Then along came a momentary tempest about a column I’d written for yesterday’s Chronicle that hadshown up briefly on SFGate, then disappeared. Of course erasers don’t work on the web, so the readable shadow of the column wasfully twitterizedand otherwisepassed aroundin an electronic heartbeat. Calls and emails came from the Bay Guardian, theSF Appeal, Gawker, sfist, KQED radio, etc. all asking if the thing had been censored because it was critical of a local politician.
Having been around awhile, I knew that some kind of ham-handed deletion for political reasons, juicy as it sounds, wasn’t the thief here. There was no artificially rippling flag in this scenario. It was human error, not intent.
Here’s what Chronicle editor Ward Bushee had to say:
Phil’s column was created from the start to be a print-only column in the Monday Chronicle. When we first started talking about the column, Phil and I agreed to try this as a low-stakes experiment. The experiment is not indicative of any larger plan by the Chronicle, SFGate or Hearst. It is not the start of a premium content initiative or a pay wall. But it was designed to test how different content models can serve different audiences. Each week Phil reaches a significant online audience with his blog, which is not available in print. By introducing a column by Phil that is different in its content and mission from his blog, we can see if it adds value to the printed paper by giving readers unique content that they could not get free online. As with any experiment, it will be evaluated at some point to see if we stick with it or change it.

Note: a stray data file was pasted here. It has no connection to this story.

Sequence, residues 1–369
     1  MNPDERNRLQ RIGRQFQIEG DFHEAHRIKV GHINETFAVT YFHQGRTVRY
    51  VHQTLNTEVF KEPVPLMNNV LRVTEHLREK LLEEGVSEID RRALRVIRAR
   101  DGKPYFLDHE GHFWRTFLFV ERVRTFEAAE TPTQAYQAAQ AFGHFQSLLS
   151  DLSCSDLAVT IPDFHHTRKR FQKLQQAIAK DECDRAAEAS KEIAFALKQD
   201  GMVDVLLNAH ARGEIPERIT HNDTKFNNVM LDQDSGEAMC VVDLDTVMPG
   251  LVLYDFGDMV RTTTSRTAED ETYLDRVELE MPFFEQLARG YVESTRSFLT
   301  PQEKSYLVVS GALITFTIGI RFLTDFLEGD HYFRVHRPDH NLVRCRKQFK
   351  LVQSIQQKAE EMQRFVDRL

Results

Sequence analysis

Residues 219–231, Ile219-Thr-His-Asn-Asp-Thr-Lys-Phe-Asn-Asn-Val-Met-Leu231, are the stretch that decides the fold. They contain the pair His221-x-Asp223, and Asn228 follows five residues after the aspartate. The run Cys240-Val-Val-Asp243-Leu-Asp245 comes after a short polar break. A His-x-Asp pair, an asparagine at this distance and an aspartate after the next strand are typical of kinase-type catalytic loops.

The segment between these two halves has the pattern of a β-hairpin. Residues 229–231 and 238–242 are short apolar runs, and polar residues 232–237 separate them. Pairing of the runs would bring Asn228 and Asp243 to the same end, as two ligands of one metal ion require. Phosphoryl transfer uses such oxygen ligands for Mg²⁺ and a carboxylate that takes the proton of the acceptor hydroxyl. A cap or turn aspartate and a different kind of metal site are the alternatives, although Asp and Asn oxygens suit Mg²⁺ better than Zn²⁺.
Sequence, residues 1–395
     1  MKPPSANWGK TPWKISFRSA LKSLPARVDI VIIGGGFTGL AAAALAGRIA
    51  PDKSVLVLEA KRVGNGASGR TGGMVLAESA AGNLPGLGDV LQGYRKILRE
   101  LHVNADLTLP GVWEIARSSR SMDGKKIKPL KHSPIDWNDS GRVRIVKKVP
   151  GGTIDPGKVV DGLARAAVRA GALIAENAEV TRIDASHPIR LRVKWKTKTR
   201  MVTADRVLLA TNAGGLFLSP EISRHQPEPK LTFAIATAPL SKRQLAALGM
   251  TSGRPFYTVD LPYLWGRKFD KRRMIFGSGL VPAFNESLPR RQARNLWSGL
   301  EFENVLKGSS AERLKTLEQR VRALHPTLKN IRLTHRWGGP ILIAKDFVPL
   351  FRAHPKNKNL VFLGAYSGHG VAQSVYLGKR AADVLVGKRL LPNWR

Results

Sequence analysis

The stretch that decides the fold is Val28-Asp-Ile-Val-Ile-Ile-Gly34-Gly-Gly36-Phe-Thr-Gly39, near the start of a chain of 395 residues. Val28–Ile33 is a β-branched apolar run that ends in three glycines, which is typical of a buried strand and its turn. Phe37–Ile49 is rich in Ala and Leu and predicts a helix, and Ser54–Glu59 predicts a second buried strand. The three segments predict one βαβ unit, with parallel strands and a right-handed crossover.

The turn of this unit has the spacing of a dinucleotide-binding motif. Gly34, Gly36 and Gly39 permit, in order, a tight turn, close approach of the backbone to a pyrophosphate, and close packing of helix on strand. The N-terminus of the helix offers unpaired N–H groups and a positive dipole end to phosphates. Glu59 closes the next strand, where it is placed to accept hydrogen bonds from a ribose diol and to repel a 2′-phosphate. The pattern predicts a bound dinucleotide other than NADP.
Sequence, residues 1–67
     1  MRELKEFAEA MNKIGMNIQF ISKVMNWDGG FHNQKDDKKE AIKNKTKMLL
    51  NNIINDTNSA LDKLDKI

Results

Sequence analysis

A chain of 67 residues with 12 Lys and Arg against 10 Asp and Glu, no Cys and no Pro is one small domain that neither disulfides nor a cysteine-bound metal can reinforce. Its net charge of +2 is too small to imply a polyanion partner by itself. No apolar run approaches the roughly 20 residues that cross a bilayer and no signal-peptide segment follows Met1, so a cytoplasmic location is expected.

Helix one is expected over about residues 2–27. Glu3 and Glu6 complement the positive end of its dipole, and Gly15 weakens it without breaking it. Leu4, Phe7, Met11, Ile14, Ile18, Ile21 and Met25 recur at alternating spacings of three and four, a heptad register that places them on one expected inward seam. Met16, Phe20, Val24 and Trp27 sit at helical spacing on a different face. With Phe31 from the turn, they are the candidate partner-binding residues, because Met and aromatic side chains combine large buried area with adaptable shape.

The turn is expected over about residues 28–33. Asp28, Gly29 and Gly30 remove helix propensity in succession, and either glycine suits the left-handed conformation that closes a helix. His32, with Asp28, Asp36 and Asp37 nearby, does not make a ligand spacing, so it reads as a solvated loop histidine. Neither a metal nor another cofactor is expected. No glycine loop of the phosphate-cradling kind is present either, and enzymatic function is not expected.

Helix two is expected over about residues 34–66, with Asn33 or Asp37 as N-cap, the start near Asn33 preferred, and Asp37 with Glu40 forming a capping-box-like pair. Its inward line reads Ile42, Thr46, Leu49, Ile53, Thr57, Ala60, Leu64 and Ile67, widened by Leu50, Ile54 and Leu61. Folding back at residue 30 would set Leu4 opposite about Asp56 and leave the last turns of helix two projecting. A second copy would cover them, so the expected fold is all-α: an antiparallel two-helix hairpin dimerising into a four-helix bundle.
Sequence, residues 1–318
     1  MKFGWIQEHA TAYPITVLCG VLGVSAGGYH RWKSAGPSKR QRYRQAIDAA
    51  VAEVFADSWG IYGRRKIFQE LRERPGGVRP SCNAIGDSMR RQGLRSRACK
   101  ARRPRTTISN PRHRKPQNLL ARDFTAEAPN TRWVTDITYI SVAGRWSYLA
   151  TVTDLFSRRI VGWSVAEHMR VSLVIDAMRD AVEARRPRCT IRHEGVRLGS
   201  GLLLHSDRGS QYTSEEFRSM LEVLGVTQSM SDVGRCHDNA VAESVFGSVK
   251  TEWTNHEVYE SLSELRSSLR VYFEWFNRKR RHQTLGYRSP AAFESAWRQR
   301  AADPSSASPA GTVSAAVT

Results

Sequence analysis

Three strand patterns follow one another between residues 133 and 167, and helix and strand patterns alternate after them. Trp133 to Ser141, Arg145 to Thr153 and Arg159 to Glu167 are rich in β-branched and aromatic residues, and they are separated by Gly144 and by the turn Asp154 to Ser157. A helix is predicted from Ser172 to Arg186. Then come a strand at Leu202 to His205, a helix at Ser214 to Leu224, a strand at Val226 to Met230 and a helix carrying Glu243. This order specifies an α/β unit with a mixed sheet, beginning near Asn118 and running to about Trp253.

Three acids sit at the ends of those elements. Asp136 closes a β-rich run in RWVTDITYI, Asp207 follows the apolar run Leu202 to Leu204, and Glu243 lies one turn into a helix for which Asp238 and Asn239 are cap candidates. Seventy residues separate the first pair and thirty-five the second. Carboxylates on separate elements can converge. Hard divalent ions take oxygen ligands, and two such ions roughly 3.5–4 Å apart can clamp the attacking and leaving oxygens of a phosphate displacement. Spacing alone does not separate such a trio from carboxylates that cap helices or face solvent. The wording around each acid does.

Unfortunately, the brief appearance of the column on SFGate this week made some people think we were pulling it off because of the content. That was not the case. The column was posted for a short time on SFGate through a misunderstanding and then pulled down when it was discovered.SFGate Editor Vlae Kershner echoed that last part. A Gate staffer, he said, “didn’t know it was supposed to be embargoed and put it up.”
Thanks for forwarding the update Phil. We didn’t detect any manipulation; we just thought it was strange. Nevertheless, good piece and we still agree with your POV as it relates to the question, “where’s the list of Gavin’s young contemporaries who might actually fill out those size 14 public service shoes in interesting and effective ways with help from the pros?”
Keep on writing…